AS: I came away with a similar feeling as with the previous book: Each architect is different and each museum project is different, yet there is a discernible convergence of viewpoints, a broad alignment of attitudes that is more-or-less generational. At any given time, a profession like architecture has a mood, a set of shared beliefs that builds on previous paradigms, propelled by the challenges of a shared socio-cultural moment, conditioned by technological possibilities as well as the internal evolution of the profession’s reflection about itself.

A widespread attitude among museum architects working today is a repudiation of “starchitecture”—the propensity to build iconic buildings that function as works of art themselves, staking a claim on the urban skyline in a “look at me” demonstration of architectural brio. Even architects who have made such buildings – the paradigmatic example is, of course, Guggenheim Bilbao – are working now in more restrained idioms. A realization has dawned that such buildings, for all their magnetic allure, can feel exclusionary, emblems of a problematic world order.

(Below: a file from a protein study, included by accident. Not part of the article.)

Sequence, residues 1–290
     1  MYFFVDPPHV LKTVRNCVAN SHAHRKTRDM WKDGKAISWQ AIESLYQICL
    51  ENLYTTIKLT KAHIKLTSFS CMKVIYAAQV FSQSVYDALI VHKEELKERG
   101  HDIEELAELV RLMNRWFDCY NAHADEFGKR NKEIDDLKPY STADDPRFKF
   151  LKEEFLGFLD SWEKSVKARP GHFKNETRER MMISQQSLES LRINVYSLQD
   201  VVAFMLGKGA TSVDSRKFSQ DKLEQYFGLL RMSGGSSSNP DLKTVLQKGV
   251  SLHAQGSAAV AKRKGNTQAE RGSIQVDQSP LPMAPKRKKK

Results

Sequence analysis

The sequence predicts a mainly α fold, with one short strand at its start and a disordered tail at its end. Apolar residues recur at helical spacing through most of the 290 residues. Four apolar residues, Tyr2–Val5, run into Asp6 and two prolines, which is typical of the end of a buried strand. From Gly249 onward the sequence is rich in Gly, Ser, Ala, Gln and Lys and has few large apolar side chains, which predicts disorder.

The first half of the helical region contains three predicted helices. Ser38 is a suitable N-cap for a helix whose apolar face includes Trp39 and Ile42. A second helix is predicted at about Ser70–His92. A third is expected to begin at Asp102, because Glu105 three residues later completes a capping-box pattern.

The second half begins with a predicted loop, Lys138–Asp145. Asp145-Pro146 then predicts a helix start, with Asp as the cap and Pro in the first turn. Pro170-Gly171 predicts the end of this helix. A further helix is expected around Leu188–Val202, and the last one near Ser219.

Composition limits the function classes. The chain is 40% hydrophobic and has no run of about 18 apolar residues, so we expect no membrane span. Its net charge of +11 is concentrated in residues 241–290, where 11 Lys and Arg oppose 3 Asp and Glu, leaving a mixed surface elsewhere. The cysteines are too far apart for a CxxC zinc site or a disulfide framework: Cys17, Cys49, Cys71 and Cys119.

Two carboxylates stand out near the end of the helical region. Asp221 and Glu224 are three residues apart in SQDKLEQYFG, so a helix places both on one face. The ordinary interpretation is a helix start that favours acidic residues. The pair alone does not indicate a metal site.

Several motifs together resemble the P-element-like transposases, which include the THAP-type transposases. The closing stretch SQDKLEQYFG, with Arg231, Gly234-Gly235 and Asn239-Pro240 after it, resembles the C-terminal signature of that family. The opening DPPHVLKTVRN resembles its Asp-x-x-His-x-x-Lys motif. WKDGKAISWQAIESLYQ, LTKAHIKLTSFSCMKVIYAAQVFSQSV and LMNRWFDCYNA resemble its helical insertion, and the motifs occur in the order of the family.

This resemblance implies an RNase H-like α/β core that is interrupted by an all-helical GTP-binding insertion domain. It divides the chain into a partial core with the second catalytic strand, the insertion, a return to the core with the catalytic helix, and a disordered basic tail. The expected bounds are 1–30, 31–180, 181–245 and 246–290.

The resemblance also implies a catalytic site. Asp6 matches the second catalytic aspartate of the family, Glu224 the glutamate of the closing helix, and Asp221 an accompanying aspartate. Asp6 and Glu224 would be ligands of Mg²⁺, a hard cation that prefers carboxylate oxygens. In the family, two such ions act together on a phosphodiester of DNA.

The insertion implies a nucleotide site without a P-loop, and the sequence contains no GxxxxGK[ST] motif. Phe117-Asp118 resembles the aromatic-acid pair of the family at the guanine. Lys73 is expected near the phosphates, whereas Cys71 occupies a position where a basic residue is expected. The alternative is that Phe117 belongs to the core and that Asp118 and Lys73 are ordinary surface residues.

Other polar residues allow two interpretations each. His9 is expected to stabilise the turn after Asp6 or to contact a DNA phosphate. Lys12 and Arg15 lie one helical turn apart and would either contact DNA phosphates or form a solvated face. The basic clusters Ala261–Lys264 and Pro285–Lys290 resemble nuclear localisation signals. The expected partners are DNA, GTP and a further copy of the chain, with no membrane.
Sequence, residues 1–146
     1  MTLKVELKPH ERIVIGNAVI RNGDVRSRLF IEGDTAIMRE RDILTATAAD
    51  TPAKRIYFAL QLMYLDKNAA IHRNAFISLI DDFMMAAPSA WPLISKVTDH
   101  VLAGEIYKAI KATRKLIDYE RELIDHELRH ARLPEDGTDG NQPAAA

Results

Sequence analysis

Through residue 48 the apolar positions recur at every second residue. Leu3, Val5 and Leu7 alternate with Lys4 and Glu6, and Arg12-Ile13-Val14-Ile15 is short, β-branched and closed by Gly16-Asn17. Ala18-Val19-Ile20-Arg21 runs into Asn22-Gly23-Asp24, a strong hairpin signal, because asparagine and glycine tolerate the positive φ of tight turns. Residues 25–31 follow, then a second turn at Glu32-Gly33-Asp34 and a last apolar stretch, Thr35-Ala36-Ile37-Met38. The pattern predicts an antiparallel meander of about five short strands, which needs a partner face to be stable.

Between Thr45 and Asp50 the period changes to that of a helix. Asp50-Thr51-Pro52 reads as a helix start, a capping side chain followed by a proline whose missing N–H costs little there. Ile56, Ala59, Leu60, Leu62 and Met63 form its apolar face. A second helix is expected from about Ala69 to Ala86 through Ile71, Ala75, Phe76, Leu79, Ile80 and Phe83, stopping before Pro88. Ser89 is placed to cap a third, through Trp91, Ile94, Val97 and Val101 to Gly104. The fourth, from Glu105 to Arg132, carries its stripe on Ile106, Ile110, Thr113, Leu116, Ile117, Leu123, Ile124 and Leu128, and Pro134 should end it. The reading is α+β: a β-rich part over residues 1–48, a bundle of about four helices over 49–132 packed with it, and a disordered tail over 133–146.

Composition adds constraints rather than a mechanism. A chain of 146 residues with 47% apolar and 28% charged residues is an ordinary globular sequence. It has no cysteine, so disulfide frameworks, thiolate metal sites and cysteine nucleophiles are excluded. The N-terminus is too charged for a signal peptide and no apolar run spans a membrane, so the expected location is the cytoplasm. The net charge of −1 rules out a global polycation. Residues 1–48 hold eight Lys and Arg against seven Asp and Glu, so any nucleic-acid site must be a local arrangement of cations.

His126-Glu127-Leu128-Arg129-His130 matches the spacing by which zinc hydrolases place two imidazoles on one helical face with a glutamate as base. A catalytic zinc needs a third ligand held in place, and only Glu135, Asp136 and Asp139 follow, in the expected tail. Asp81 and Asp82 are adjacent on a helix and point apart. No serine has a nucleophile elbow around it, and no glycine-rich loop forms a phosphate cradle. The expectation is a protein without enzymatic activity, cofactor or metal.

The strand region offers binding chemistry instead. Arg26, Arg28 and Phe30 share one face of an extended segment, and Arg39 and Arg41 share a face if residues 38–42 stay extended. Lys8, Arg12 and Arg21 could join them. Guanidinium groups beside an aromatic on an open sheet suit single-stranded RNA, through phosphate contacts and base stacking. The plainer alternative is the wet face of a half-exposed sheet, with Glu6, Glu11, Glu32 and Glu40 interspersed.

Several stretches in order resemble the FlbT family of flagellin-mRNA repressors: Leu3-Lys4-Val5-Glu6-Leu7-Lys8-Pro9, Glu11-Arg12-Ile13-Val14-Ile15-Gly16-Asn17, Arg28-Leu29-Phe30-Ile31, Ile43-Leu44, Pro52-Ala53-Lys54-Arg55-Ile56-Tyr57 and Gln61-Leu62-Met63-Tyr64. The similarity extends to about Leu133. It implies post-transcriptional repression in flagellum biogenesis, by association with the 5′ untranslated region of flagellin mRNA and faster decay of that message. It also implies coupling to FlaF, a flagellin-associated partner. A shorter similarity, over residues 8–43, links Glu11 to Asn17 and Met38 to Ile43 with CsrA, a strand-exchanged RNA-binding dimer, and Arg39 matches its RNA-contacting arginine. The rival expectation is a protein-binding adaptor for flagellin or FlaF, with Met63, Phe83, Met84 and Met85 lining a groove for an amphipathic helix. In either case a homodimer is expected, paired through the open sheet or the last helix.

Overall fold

A new vocabulary of accessible architecture is emerging that stresses porosity, openness, flexibility, transparency, cultural sensitivity, ecological embeddedness, and an aversion to hierarchies, delivered at a human scale, with warmth, humility, and a measure of heightened self-awareness about the complex, often contradictory role of the art institution in contemporary society. 

Bjarke Ingels with Andras Szanto The Twist Museum, Jevnaker, Norway by Bjarke Ingels of BIG | Bjarke Ingels Group; photo by Laurian Ghinitoiu & BIG – Bjarke Ingels Group.

WW: Many of the architects in the book deal with more populated areas and cities, but one in particular, Xu Tiantian, focuses on projects in rural areas of China. Tiantian said, “Rural life itself is a museum,” given that rural living is about maintaining and continuing a certain way of life—which can then be observed. How did this resonate with you? How do you see this stance pertaining to contemporary institutions and the general direction in which museums might be headed?

AS: Xu Tientian’s work was a revelation. It demonstrates this idea of pluralism in the museum: That the museum need not be a transplant of an institutional form inherited from the Global North, but that it can respond to hyper-local needs in a culturally-specific language. Her buildings challenge the whole concept of the museum, not just its architecture, but also its mission.